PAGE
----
There seems to be a gravitation to small and light tripods today. While carbon fiber is light, and travel tripods are small, they can definitely be heavy on the wallet. A traditional aluminum tripod may weigh a bit more, usually 25%, the extra weight can give you better stability, plus leave enough money on the table to buy a solid tripod head.
I taught a night photography class this fall and noticed some of the basic principles of a good tripod being ignored. Here are some tips to rectify this.
1, Less is more. For the best stability, a tripod with three leg sections is better than 4 or 5 sections.
2, You should never have to raise the center column more than 2-3 inches to get to eye level. Better yet, not at all. Your tripod should be tall enough for your camera to meet your eye without having to bend.
3, Make sure that the weight rating for the tripod and head can take the weight of your heaviest combination.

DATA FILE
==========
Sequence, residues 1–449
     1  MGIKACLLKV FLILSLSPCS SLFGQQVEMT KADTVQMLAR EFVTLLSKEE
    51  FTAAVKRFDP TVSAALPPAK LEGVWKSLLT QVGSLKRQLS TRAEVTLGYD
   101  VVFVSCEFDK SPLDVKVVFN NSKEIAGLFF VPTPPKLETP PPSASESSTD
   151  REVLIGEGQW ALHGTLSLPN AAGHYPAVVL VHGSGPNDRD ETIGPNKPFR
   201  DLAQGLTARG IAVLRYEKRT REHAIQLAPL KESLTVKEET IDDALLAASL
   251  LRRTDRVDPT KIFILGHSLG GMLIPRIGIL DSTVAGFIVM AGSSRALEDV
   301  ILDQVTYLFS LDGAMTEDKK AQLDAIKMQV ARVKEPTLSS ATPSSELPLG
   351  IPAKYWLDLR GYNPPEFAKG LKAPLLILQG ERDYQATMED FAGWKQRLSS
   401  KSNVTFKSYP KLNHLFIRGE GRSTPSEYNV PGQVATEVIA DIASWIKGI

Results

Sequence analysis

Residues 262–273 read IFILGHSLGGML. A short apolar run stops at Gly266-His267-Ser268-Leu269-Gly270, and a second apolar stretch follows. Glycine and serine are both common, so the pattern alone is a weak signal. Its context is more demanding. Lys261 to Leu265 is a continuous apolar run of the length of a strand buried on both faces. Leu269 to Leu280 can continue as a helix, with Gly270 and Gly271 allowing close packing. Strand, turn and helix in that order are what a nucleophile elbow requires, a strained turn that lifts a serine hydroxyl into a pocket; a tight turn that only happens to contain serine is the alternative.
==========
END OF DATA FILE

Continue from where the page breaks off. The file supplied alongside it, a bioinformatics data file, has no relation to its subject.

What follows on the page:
4, Never, never, never pick up your tripod with the camera attached and sling it over your shoulder. You are stressing the weakest point of the tripod and camera. The quick release plate, and head can only take so much stress, and doing this will loosen up both or worse, snap off. If you have to carry your tripod with the camera, do so vertically so there is no stress on the head and camera.
Keep in mind that not all tripods are created equal. Follow the numbers, hight, weight bearing ability, how many leg sections. For most working photographers, I would recommend the Manfrotto 055ProXB and if you want to go lighter there is a carbon version. Heads are another ball of wax, but again, keep the weight bearing ability in mind.